The closure of the obstetrics unit in the Shawville hospital is seen by Dr. Vander Stelt as a typical situation caused by over-centralization. She explained that with even a bit of local management, the Shawville hospital may very well have been able to keep the obstetrics unit open.
Savoie Report announcement
The Ministry of Health and Social Services has acknowledged that over-centralization went too far in 2015. Following the recent publication of a government report known as the Savoie Report that highlights some of the negative effects of over-centralization in the past several years, the Ministry of Health and Social services publicly announced its intention to take steps to address the problems created by over-centralization. According to an announcement by health care minister Christian Dubé following the publication of the report on June 15, the government’s decentralization efforts will include creating several hundred new middle management positions in the field to support health care staff to serve local populations. In addition, the government has pledged a recurring budget of $40 million to the decentralization of healthcare in the region.
While the public announcement of intentions to decentralize may be seen as a welcome development for those who struggle with issues discussed above, Dr. Vander Stelt explained that, from the perspective of RMQDSS, the addition of new middle management positions is not a viable path towards decentralization. This is because the plan does not transfer decision-making powers to local health establishments, but, instead, creates more management positions that report to a centralized health authority. For this reason, Dr. Vander Stelt considers the ministry’s current decision to be a de-concentration of centralized decision making rather than genuine decentralization that would involve transferring some decision-making powers to local health establishments.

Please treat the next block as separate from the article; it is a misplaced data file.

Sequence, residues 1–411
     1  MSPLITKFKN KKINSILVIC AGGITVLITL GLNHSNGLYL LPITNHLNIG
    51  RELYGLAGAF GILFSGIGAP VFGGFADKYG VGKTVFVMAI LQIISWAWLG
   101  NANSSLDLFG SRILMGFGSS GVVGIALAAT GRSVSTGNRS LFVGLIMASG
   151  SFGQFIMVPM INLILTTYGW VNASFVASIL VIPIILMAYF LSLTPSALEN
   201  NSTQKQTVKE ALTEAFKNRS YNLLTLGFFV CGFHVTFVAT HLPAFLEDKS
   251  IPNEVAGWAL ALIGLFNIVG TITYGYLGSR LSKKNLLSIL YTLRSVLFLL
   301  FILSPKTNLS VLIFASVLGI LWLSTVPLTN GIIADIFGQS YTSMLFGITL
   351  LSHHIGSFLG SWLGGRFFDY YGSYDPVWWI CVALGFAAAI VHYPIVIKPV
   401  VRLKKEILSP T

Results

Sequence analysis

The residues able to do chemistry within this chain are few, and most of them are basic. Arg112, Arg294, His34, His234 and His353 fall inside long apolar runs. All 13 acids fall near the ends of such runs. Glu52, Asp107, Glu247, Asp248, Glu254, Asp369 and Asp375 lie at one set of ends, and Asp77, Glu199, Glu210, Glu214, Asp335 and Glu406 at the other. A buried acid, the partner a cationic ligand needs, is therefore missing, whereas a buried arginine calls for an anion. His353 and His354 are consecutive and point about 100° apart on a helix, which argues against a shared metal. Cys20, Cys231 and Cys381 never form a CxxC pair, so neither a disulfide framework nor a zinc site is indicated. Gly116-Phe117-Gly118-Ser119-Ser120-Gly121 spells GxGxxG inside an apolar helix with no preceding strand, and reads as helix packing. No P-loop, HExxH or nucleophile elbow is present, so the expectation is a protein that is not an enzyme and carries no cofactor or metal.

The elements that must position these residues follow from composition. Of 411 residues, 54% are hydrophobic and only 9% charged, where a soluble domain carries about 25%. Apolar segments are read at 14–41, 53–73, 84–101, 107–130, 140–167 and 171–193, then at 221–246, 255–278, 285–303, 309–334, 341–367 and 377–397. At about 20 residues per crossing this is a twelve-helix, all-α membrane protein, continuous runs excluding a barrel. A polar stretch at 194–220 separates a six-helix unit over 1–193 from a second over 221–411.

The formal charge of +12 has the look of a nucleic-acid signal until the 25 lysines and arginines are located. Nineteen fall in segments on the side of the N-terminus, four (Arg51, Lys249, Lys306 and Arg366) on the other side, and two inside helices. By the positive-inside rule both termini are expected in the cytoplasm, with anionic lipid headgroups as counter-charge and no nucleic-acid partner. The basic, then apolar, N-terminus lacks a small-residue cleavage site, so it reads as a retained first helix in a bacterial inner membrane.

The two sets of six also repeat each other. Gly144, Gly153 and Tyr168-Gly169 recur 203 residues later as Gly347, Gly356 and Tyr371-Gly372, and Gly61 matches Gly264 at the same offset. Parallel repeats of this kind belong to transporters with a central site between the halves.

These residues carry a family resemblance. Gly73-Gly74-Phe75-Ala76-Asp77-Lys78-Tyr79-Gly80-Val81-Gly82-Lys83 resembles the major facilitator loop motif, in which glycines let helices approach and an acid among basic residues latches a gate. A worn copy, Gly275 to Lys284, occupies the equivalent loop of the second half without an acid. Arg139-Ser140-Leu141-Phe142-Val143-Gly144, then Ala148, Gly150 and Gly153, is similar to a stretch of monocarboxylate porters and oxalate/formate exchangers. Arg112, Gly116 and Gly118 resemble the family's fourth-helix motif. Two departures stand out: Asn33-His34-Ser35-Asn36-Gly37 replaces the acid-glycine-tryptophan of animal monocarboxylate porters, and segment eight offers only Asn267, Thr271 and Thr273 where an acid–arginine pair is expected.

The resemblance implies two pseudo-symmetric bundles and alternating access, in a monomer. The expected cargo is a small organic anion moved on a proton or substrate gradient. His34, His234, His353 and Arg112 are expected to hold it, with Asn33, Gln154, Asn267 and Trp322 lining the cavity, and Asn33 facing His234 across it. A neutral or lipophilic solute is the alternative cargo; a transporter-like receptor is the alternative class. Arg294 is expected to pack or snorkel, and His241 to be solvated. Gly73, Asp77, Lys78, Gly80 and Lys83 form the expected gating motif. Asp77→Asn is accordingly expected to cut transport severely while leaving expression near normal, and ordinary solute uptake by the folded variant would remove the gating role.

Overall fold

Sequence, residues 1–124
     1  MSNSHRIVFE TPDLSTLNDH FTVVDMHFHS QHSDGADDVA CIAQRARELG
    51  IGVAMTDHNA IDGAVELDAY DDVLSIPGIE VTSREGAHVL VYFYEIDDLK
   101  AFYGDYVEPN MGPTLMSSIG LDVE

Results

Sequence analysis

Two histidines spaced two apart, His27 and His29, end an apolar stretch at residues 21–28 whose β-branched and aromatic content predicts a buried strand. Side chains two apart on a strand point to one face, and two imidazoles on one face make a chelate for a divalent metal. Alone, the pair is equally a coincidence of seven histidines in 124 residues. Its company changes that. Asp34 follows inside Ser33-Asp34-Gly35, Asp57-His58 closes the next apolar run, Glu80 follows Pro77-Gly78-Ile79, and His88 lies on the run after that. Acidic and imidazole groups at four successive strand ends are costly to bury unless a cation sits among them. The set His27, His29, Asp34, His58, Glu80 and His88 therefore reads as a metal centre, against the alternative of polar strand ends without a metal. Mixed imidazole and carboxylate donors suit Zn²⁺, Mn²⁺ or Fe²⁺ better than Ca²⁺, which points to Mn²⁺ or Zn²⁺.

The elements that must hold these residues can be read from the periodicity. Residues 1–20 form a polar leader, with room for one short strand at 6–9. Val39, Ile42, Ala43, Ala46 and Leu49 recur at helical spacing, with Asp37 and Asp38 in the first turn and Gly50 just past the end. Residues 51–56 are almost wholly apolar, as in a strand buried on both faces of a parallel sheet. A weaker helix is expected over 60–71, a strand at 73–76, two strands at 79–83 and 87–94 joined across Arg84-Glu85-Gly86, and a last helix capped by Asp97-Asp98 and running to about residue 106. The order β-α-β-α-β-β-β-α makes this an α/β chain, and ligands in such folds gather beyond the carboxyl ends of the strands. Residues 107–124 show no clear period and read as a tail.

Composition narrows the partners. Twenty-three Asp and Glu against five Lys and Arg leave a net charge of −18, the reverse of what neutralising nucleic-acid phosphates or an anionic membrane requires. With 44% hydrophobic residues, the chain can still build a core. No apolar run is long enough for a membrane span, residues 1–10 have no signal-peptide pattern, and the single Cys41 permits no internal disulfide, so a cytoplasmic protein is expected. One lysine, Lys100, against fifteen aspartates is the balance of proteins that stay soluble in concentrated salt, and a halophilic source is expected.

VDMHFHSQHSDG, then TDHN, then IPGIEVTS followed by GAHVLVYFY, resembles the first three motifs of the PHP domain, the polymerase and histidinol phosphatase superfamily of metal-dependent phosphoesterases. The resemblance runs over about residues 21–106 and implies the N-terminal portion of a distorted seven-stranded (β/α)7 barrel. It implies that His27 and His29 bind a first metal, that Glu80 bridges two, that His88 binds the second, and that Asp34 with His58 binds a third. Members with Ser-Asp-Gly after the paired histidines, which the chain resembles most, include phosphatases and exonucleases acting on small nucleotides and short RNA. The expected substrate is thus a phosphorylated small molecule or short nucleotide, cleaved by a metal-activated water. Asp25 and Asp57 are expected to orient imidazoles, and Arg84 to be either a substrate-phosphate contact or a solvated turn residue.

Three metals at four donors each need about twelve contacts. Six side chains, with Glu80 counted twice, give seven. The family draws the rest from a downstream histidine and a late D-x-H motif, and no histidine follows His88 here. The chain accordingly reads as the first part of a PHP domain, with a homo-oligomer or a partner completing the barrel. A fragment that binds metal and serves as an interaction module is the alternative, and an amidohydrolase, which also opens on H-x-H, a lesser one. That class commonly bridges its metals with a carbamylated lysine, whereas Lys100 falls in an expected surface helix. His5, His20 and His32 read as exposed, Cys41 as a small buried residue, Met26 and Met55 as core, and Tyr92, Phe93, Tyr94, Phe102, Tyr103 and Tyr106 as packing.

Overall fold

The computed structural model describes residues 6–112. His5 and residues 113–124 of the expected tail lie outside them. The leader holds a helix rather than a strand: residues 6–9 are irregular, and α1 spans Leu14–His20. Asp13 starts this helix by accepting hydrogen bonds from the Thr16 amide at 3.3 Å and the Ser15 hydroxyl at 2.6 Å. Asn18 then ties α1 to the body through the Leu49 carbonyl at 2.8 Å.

Dr. Vander Stelt explained that, while the government has not yet shown specific and concrete response to the RMQDSS’s proposals for decentralization following the organization’s presentation to the Ministry of Health and Social Services earlier this year, they are eager to collaborate with the ministry if they decide to take steps towards greater decentralization, “We are looking forward to collaborating with the ministry on decentralization. We think that decentralization is the future and we are ready to work with the ministry on that.”
When asked about prospects for the future, Vander Stelt noted the emergence of a growing number of grassroots initiatives and citizens groups, such as the provincial Patient Health Alliance, Action Santé Outaouais, the Comité de Vigie des Collines, and Pontiac Voice, to promote health care decentralization and access to local services in the Outaouais region and across the province.
“The bottom line is that there has to be citizen participation. It’s time for citizens to step up and show governments what, where and how they need their health care to be delivered.”